Take a look now – head over to Google and search for an industry term, a relevant product or service and you’ll likely see plenty of results from your competitors.

Not only are you giving away sales and leads, but you’re also allowing your competition to establish themselves as authoritative brands which lead above you in your industry. They’re beating you just by showing up.

The stats really do speak for themselves on this one – with recent studies showing that brands that have a website and a regularly updated blog enjoy nearly 70% more leads than those with a website alone, whilst those that have no website whatsoever are losing an average of 75% of their potential customers.

A black and white image of a chess victory

3 – Websites Help You Learn More About Your Audience

Having a website, and knowing how to use it, gives you the opportunity to turn the tables on your audience.

They can use your website to find out more information about you, your business and services, and you can use analytics reporting to discover information about site visitors that can help drive decisions and optimise your offering.

Powerful analytics software, such as Google Analytics, allows you to uncover a treasure trove of data on your website visitors. 

This includes behavioural data (looking at how visitors use your website and interact with its content) as well as powerful demographic insight which can reveal exactly who you’re reaching with your online presence. 

Combined with Google Search Console, a free tool that helps you monitor your performance in search results, you have the ability to determine how you are being found, who is finding you, and what they’re looking for.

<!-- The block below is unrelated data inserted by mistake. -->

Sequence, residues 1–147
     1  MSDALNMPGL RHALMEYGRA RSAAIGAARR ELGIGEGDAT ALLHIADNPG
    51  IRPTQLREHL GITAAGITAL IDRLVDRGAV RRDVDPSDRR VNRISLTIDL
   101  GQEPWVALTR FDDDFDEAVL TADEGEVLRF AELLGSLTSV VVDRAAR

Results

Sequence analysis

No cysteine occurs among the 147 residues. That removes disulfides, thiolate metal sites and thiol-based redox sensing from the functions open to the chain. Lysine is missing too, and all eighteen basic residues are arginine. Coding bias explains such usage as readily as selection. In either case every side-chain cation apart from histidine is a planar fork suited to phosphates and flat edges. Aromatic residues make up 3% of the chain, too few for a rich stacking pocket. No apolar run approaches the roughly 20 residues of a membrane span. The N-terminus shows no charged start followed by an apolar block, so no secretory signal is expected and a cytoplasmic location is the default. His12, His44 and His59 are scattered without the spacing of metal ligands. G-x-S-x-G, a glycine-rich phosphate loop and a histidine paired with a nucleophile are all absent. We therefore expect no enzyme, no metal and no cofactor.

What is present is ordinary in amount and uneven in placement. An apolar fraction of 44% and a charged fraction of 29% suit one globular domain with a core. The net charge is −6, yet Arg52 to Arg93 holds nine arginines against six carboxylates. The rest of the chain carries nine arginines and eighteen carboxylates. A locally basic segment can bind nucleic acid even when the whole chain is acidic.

If you’ve built your website through a site builder like Squarespace or Wix, then you’ll have some in-house analytics on those platforms too. Whilst nowhere near as powerful as what you can achieve with Google Analytics, they’re a good place to start familiarising yourself with what metrics matter. 

Utilising data is one of the most important things you can do as a business in the digital age; it can remove the guesswork from some vital decision making and ensure your website content and design is continually being optimised to improve performance across the board.

You no longer have to rely on assumptions or outdated and expensive 3rd party data.

An infographic showing various reporting pages for website analytics

4 – Websites Support All Other Marketing Efforts

Think about what marketing methods you currently implement or promote for your business. Word of mouth? Social Media? Print ads? 

Good news…

A website enables you to direct all traffic from all marketing channels to a space that is entirely yours, fully optimised for your target audience, and easily discoverable through search.

In a recent report by Nielson, word-of-mouth was shown to be the most effective form of marketing, followed incredibly closely by a website. The relationship between the two has become inextricably linked. Here’s why: